Moreover, there are multinational and local companies, including banks and development sector actors, who are announcing Covid relief measures of their own. During lockdown, the government can collaborate with these actors and align its own financial assistance programmes with theirs to make them more effective and minimise possibility of irregularities. For this, the government needs to bring onboard these stakeholders with its plan—if there is one in the first place.
Secondly, the government must utilise mass communication tools to raise awareness about Covid-19 at the grassroots levels. For example, a picture in this daily, published on June 26, depicted people in Khulna, one of the worst hit districts, flouting lockdown measures. The report reads, "On the fourth day of the weeklong lockdown, droves of Khulna city residents gathered and crowded at kitchen markets, ignoring health guidelines amid an increasingly worsening situation."
However, people are not adhering to the lockdown for two reasons: either they are not aware of the existence and/or dangers of the pandemic, or they are out in search of livelihoods. To rectify the former, the government needs to roll out a mass communication drive, involving national and private communication channels in both online and offline mediums, to spread awareness on Covid-19, its impact and how every single person can play a role in shielding themselves and their loved ones.
Finally, the government needs to utilise this lockdown window to roll out mass vaccination programmes focusing on affected districts, especially the ones bordering India. The government has already started using the Sinopharm vaccine in 67 centres across the country, after 600,000 doses arrived earlier in June. According to the health minister, the government plans to procure another 10.5 million doses of this vaccine, which will arrive in three instalments over three months. Moreover, on June 1, 1.06 lakh doses of the Pfizer vaccine arrived in the country, and 25 lakh doses of the Moderna vaccine is expected to arrive in the next 10 days.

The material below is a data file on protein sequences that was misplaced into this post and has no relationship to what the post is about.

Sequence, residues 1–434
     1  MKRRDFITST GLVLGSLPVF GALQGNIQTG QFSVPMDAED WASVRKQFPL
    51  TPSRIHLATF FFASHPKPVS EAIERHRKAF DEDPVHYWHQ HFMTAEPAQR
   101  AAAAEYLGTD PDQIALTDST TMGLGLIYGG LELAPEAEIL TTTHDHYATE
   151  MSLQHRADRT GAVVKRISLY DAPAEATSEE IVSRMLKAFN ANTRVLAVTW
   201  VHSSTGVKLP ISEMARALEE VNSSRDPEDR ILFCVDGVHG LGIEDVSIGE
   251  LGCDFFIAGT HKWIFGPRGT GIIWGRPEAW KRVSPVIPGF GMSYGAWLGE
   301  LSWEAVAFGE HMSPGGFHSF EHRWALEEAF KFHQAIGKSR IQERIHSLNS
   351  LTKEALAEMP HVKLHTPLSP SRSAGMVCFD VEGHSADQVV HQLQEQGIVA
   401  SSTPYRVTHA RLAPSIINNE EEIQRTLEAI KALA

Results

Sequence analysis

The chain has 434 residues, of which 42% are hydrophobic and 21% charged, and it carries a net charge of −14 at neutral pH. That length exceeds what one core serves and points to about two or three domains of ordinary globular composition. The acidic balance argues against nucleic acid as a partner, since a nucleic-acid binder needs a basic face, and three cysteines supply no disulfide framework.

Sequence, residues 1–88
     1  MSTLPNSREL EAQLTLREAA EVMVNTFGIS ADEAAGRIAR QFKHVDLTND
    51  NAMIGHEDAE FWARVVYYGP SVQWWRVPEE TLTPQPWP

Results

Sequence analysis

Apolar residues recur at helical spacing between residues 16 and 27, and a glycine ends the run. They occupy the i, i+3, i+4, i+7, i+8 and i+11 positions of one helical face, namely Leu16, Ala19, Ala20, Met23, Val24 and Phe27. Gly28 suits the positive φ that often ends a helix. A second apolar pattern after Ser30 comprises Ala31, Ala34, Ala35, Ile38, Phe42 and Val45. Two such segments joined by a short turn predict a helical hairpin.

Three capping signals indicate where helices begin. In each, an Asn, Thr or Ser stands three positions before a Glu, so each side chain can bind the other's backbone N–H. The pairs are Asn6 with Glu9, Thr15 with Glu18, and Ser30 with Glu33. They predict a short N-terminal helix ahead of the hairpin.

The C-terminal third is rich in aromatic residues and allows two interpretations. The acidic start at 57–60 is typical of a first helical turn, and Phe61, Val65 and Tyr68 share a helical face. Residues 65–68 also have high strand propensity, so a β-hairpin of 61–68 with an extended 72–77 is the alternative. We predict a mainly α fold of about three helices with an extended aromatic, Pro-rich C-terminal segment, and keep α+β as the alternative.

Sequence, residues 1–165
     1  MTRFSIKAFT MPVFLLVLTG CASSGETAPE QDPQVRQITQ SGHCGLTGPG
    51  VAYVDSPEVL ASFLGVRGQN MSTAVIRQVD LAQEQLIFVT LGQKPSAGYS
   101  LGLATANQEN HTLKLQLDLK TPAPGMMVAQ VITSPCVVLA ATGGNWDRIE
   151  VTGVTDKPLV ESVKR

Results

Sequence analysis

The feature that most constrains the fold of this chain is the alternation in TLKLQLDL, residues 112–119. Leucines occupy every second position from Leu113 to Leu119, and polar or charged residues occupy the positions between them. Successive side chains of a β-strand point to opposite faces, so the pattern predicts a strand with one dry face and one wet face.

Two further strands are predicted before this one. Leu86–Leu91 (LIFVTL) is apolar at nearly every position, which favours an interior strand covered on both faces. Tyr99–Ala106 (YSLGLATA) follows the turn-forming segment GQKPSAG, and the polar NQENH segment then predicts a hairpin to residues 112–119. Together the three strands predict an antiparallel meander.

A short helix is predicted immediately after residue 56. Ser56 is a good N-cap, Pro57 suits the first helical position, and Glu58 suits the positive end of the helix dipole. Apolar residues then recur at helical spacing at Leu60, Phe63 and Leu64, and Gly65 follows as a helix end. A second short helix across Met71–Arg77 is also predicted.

While the currently available vaccines will not be sufficient to inoculate the entire nation in one go, the government will have to take a strategic vaccination approach in order to make the best use of this opportunity and contain the spread of the Delta variant. Bangladesh has also received USD 500 million in additional financing from the World Bank to strengthen its vaccination programme, which will enable it to vaccinate around 54 million people. The country needs to utilise this fund to ensure maximum inoculation.
However, there remains another major problem: the upcoming Eid-Ul-Adha and the massive cattle and leather trade surrounding it. Experts have shared concerns that if the government allows cattle traders from all over the country to gather in Dhaka, it might expose the capital further to threats of Covid-19 variants. The gathering of thousands of people in cattle markets would further exacerbate the situation. It has been reported that many cattle traders and their animals will come from Kushtia, Meherpur, Chuadanga and Jhenaidah of Khulna division—many of which have turned into Covid-19 hotspots. So far, as reported by this newspaper, around 23 cattle markets will be set up in Dhaka.
According to Department of Livestock Services director-general Sheikh Azizur Rahman, "We've given a proposal to transport cattle on wagon trains if the lockdown is continued." The DNCC mayor has also suggested blocking entry into Dhaka of cattle from highly infected districts. But how will this be implemented?
There is no denying that the government's initial complacency has led to the surmounting challenges today—a mess that could have been avoided with foresight and timely, proactive strategic measures. Whatever initiatives the government chooses to take now to contain the spread of the virus, it is certain that this is not a battle, but a full-fledged war that will require each and every single citizen of this nation to fight from their own position.
Tasneem Tayeb is a columnist for The Daily Star.
Her Twitter handle is: @tasneem_tayeb